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bob105820886-0

bob105820886-0

bob105820886-0

bob105820886-0wrote a review of on January 10, 2017

4 5

Familiarity: I've used it several times
Fit: True to size
Height: 6' 1"
Weight: 235 lbs
Size Purchased: 12

Pros: Great fit, plenty of room. The trend in a lot of these gloves seems to smaller versus larger. For example, I have a ten year old pair of Black Diamond Guide gloves in XL, but I can’t get my hand in the new BD XL Guides. In contrast, the Hestra’s fit great both length and width are appropriate. They have a super gauntlet, long and wide that slips easily over the bulkiest layers keeping out the cold and snow on deep powder days. Construction is high quality and rugged, leash is good as well. Liner removes easily for drying and probably can be hand washed if needed without being damaged. (I’ve not tried to wash it). The elastic gather lands where it ought to be on the wrist owing to proper fit of the glove. In contrast other gloves I own, even my beloved decade-old BD Guides, are a bit short with the elastic gather landing around the base of the hand.

Cons: For some, may not be the warmest of gloves as the insulation is a tad on the thin side compare to other gloves. I find them warm down to the high teens, or on colder, sunny blue bird days where the sun gives a boost to overall body warmth.

Over-all I very much like this glove.

Speaking of warmth, I find keeping hands warm is an art and science and everybody is different. Gloves that fit too tight cut of circulation making you cold. Hands that are cold to begin with can tend to stay cold no matter what glove or mitt you put on. Gloves that are soaked form the inside from sweat can be very cold as most gloves are designed to remove moisture which creates evaporation which equals cooling. To avoid this, don’t over-glove. Be realistic in the definition of activity. Are you bombing down groomed runs at 50+ MPH making hardly any turns? Face it that does not generate much body heat and any heat is taken away by that 50 MPH wind chill. Or are you hammering bumps, which generates far more exertion and far less cooling due to the slower speed.

Lastly, I get some strange looks for this. I tried wearing latex or nitrile gloves as liner gloves. This prevents any moisture from accumulating inside your glove or mitt. It is a bit awkward at first but you get used to it. At the end of the day, you have a glove or mitt that is completely clean and dry inside and does not get cold due to evaporation. It is great for multi-day use because the glove need not be dried out from the inside every night. True your hands do get moist but it is not as bad as you think and you just throw the liner glove away at days end. Latex is naturally hypoallergenic so there is no funk .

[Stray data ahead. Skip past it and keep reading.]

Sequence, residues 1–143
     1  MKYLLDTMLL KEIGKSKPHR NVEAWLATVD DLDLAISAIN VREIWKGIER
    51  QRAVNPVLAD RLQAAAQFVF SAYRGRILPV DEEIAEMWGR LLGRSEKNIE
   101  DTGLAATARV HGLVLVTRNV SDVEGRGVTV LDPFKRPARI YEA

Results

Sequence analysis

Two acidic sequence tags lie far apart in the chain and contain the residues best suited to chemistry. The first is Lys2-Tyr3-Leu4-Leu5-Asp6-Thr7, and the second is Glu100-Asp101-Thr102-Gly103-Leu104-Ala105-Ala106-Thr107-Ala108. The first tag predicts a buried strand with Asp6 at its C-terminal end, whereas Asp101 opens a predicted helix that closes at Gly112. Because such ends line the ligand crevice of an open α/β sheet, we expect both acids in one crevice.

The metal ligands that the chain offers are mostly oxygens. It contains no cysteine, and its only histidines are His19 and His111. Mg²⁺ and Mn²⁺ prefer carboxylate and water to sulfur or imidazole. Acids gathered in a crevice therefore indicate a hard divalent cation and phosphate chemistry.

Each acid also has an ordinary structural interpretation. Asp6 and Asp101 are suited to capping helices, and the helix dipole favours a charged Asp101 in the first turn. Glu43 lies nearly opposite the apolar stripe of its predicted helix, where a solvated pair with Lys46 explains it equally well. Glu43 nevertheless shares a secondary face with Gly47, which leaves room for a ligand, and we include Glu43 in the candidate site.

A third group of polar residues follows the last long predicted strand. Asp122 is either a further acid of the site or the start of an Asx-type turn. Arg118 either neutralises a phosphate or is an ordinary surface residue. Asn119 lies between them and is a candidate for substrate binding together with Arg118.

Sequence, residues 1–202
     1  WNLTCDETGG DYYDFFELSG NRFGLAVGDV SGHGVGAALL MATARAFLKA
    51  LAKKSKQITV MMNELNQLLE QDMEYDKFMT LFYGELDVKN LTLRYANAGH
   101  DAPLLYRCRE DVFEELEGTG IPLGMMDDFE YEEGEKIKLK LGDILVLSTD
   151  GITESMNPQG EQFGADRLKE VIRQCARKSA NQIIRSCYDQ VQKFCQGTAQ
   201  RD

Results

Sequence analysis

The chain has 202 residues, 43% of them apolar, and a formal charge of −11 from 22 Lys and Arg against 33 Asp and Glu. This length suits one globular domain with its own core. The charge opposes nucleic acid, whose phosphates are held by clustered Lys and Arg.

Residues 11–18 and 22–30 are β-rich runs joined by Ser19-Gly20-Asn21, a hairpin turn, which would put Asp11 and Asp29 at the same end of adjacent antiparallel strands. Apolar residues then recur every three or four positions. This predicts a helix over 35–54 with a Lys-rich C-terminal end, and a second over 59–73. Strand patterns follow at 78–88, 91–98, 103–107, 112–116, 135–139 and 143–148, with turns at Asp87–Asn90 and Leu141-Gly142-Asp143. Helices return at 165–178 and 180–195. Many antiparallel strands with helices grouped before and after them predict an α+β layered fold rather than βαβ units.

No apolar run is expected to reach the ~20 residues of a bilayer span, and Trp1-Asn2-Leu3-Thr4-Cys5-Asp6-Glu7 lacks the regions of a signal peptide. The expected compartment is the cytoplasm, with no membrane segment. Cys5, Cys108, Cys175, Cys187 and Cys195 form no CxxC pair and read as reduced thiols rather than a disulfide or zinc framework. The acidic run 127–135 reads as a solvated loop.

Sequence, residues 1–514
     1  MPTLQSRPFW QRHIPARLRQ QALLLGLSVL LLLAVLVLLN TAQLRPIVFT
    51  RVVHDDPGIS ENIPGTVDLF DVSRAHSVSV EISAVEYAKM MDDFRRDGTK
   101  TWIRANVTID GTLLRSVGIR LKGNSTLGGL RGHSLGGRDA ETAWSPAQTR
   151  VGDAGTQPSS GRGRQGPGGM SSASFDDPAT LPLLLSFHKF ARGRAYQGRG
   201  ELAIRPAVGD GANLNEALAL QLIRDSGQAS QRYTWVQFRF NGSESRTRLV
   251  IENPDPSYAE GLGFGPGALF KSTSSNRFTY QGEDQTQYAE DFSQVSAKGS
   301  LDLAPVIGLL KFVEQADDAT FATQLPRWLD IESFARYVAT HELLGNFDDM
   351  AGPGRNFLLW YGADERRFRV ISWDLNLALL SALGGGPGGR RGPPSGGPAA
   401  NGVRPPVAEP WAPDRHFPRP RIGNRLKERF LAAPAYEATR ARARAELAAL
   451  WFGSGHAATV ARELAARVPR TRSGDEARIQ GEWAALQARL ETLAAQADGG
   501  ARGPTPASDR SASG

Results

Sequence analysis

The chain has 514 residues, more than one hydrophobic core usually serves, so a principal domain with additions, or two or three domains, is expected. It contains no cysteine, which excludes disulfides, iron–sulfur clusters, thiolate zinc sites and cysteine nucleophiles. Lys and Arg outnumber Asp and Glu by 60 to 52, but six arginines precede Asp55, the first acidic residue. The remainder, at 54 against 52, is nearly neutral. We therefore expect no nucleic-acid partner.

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bob105820886-0

bob105820886-0wrote a review of on March 18, 2016

3 5

Familiarity: I've used it once or twice and have initial impressions
Fit: True to size
Height: 6' 1"
Weight: 235 lbs
Size Purchased: xl

For the suggested retail price, these are far from ultimate. I have gloves from Black Diamond (Guide)and Hestra (Heli) and the Marmot’s fall short in major areas that I consider necessary to boast as being the ultimate ski glove.
The gauntlet is a bit short compared to the Heli, has a smaller diameter opening and is too soft to my liking. I find that a shorter, small, soft gauntlet is hard to get over bulky layers especially when you have one glove on and must work the other gauntlet down using your now glove-fattened fingers of the opposite hand. A soft gauntlet collapses more easily down to the wrist eventually bunching up during the day. The gauntlets on the BD’s and Hestra’s slip over bulky layers without much coaxing, the Heli goes up farther on the forearm and both remain in place without collapsing down to the wrist.
The liner is not removable so they cannot be dismantled to enhance drying overnight in preparation for the next day. I have purchased winter work-type gloves from other retailers and side by side the $175 Marmot’s look more like $70-$90 winter gloves. In contrast, you can see and feel the difference in the BD’s or Hestra’s.
I’ve been doing this outdoor thing for many years and am confident the glove is going to be about as warm as most gloves of this general class and weight of insulation. I believe the glove to be of high quality, but at $175, not high value and the design does not push it to the lofty title of ultimate.

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bob105820886-0

bob105820886-0wrote a review of on February 16, 2015

4 5

Familiarity: I've put it through the wringer
Fit: Runs small


Bought these in hopes of not having to spend $50 to $70 each year for new ski gloves. Had the BD Guides for seven seasons now and they have held up well. Leather, stitching and Gore-Tex are in excellent shape and they have stood up to wear and use that had lesser gloves cut and busting at the seams after only one season.
They are decently warm, but require a hand warmer on the coldest days. Did not come with a wrist lanyard which seems odd given the price and that most competitive gloves do include a lanyard. I said they "run small" but should qualify that by saying at least on me. I have the XL's and they could be a tad bigger but others may not have this issue.
Only negative after seven seasons is the synthetic micro suede nose wipe material has flaked off. The underlying Spandex that makes up said nose wipe on the back of the thumb has begun to tear away from the leather. The rest of the glove is in such good shape it was worth having the thumbs repaired. I expect the gloves to provide several more years of service.
I'm happy with the item and they met my expectations.

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